"Users trying to access Microsoft's MSN.com with a
non-Microsoft browser are finding themselves locked out.
While the software leviathan's Internet Explorer easily reaches
MSN, other browsers--such as Opera, Mozilla and some versions of
Netscape--run into trouble.
Using the most recent browser from Mozilla.org to reach MSN
brings a message from Microsoft saying it has "detected that the
browser that you are using will not render MSN.com correctly."
Mozilla.org does open-source browser development for AOL Time
Warner's Netscape Communications unit."
As long as there's a Microsoft story to be had for the day,
might as well chuck in a bonus item about the Word 2000
spell-checker... apparently browsers aren't the only thing they're
trying to erase. Thanks to robt for this link:
"Concluding that I had found a glitch in the updated
version of Microsoft Word, I decided to inform Microsoft. I called
and asked to speak to Bill Gates, but was directed to a cheerful
person named Tim.
Tim transferred me to Kate, also cheerful, who promised to look
into the matter. Several days later, Kate sent me an e-mail message
with an explanation: 'Microsoft's approach regarding the spell
checker dictionary and thesaurus is to not suggest words that may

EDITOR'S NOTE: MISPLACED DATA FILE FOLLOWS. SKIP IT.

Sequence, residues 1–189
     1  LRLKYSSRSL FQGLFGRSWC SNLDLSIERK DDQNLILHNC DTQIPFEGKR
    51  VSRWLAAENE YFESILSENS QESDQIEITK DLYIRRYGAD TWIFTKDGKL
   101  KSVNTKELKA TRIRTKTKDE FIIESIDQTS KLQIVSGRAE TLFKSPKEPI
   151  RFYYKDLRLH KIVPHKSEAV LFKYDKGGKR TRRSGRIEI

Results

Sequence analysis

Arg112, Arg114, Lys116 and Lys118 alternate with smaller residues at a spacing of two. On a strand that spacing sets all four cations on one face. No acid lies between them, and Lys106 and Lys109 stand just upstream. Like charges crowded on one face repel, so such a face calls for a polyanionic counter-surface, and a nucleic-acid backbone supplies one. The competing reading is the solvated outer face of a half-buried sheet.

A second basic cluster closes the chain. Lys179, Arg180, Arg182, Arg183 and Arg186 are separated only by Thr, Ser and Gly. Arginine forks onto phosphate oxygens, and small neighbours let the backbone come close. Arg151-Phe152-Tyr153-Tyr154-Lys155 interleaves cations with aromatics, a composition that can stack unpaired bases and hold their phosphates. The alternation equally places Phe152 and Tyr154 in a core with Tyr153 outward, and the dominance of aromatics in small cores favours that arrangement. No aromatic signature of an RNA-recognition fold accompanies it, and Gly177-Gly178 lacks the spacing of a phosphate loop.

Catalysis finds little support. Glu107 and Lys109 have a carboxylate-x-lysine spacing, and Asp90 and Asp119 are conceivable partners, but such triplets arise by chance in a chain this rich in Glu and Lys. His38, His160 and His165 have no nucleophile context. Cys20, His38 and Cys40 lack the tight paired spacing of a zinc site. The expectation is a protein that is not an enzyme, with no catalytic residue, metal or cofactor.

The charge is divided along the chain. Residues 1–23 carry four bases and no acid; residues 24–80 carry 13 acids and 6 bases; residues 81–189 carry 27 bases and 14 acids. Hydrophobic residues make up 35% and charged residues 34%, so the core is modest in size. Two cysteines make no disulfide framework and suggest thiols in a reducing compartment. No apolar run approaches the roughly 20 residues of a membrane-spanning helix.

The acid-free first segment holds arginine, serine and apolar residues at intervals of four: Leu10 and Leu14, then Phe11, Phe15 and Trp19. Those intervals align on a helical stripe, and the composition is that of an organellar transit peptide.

have offensive uses or provide offensive definitions for any words.
The dictionary and spell checker is updated with each release of
Office to ensure that the tools reflect current social and cultural
That was MS-DOS pleading as Microsoft Founder and Chief Software
Architect Bill Gates stood poised to press return after typing
"exit" on the MS-DOS command line during the launch of the Windows
XP operating system at the Marriott Marquis Hotel in New York City
Disregarding MS-DOS' plea, Gates hit that return key.
'This is the end of an era,' Gates told the crowd gathered in
the Marquis Theater for the event. 'It's the end of the MS-DOS era.
It's the end of the Windows 95 era. It's the end of too many PC
crashes. It's the end of the static Web experience. I also hope
people will say it's the end of the narrowband era.'"